I did not know what to title the post so raffiki means friend in swahili. well my time here has been totally different than i expected. I can honestly say at times I am ready to go home. Not because I am super homesick or I am miserable here, but because I have seen so much need and potential and crazy stuff that I am trying to process what I am supposed to do as a follower of Christ. Not as an American, not as a "I hate America" person, not as a young idealists, but through the mind of Christ.
It is so much. I wish I could express it all in words. Life here is so different. I continually find myself trying to shead my "Americanism" and then realizing that part of that is so taken for granted. Imagine life where no one asks you about your hopes and dreams or pushes you to be your best. There is a cultural tribalism here that I would really love to study in depth. Somehow so much of this cultural seems to go back to this group mentality of their tribe. I do not know what to say what is good/bad or right/wrong yet, it is just very interesting. It seems like so much is kept from them. Has no one told them that you wash your hands and drink water seperate from the water for the sewage? Has no one told them that learning is more than just memorization? Has no one told them that they have the potential to value life and have a purpose?
I just got to the point yesterday where I was overwhelmed by it all. This boy had a big bruise and open scab on the side of his mouth and was just moping around and crying. The other kids tried to comfort him, but I just finally picked him up. He just wanted someone to hold him. Then I saw other kids falling or being pushed and crying about nothing. I was just overwhelmed because all these kids want is love and attention. Not from the other kids and not in a conceited way, but just love from someone. There is a this group mentality here that so contricts everything I grew up around. Individuality is so important in America. I find myself in tension with these two cultures because I see value in both. Then I step back and ask myself how Christ would view all of this.
Well that is where I am left at the moment. Although the trip definately has been rough at times, rougher than I expected, it has also been so rewarding and fun. I have been working in the kitchen some lately at the center and it is fun to be there with the two cooks. I have also enjoyed being with the kids and spending time with the sewing girls. Tomorrow we leave for the safari which is much needed for all of us. After we get back, we will still spend time at the center/orphanage, but the Lord has also opened up some new opportunities. We will go to the school at the Korogocho slum one day and then an AIDS home for infants another day. God has tugged all our hearts to a certain place at the korogocho school so we are excited about that. I am going to spend some time with the girls in the hair/beauty school and let them do my hair. We continue to meet so many other missionary types here who are such an encouragement to us. We watched a movie in a lady's room last night who is here on a break from sudan. we met a photojournalist tonight who has traveled around sudan and east africa and has amazing photography. so despite to the hard things we are trying to swallow, the Lord has provided encouragement for us.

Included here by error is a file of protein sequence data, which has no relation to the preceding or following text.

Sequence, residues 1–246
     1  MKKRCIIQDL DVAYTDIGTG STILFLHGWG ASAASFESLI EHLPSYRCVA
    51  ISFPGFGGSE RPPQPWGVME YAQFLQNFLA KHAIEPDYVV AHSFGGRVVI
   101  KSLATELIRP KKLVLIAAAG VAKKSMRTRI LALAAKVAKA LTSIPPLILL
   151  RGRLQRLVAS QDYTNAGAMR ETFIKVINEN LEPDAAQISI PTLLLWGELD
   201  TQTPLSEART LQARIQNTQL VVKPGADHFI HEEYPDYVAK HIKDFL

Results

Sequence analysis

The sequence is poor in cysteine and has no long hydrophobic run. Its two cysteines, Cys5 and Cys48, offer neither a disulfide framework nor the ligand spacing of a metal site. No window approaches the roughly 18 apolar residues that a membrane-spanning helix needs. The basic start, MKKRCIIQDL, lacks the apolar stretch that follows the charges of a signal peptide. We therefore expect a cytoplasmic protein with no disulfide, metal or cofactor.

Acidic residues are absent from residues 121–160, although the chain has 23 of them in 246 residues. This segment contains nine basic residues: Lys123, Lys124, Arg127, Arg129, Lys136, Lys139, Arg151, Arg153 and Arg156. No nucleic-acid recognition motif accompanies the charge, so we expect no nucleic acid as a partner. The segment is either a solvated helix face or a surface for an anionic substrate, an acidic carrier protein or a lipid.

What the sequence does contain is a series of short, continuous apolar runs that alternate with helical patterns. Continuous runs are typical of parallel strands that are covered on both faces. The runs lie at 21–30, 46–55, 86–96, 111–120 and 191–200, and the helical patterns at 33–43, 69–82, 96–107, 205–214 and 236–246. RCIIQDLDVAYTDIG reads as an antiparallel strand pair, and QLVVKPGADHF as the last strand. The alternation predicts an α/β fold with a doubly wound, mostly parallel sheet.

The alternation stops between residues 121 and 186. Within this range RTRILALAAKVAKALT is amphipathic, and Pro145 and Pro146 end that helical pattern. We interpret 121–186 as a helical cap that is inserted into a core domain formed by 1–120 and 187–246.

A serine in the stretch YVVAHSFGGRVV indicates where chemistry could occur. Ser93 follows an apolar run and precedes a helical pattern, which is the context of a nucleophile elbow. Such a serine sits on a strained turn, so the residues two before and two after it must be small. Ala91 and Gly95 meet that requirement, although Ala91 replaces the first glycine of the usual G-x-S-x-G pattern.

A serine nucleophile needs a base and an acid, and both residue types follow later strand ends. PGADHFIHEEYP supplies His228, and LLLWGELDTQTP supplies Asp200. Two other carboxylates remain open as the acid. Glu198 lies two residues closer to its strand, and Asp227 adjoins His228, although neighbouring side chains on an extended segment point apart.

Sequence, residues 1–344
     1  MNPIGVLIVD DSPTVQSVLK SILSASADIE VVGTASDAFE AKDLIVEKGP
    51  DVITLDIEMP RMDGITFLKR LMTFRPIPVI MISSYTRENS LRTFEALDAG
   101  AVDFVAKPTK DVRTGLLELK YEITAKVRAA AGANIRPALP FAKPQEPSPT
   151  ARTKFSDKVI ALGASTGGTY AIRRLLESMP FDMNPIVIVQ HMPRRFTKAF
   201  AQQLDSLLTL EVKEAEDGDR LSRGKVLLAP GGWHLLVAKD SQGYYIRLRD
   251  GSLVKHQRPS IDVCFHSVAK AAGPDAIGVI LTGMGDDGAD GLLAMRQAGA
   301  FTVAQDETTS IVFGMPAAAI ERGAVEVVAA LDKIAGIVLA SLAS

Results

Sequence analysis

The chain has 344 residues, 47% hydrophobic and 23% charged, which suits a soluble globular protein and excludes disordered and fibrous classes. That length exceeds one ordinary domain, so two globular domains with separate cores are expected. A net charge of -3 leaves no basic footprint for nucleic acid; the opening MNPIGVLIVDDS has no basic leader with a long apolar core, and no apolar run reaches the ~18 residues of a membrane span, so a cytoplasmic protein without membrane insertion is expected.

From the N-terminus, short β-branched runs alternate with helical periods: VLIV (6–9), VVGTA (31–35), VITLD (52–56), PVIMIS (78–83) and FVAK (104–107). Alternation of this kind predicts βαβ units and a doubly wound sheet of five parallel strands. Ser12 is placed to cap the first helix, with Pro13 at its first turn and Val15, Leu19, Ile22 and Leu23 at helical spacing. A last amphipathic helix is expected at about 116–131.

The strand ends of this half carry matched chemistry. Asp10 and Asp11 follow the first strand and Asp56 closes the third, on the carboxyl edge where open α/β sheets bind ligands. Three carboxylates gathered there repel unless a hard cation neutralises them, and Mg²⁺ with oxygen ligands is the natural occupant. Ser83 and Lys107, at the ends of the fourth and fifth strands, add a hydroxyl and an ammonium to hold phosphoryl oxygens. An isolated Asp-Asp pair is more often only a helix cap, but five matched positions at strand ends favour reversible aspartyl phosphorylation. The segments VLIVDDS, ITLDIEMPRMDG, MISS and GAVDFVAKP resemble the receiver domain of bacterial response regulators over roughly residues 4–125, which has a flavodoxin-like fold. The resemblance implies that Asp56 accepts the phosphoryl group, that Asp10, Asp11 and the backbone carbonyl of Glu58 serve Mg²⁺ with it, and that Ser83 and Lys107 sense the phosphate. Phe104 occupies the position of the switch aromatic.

one other observation that keeps coming to me is that I cannot help but think that I am experiencing the aftermath of western christianity coming to africa and then leaving it to perish. The city life is definately in Nairobi, but these people still live savage lives. Also, after talking to people about Christianity here, alot of it is confused with tribalism and things. I feel like discipleship and relationship got left out of the picture. But God is still at work here. We have met so many people who continue to encourage and inspire us with the work they do here and I am really excited about the rest of the trip. I guess where I am left now is that I feel like with the amount of time I have, there is no room for me to really invest somewhere. With Africa, when you say "just go love the people/children", I am starting to see that means years of work. That is just who they are, and who they are is so amazing and unique. So despite all the un-American things I have seen, my prayer now is to sift through what it looks like to follow Christ in Africa.
So I do not know if what I just said makes any sense, but please know that I am well and so excited about the rest of the trip (and excited about coming home). I will most likely write again when we get back from the safari.
peace and love.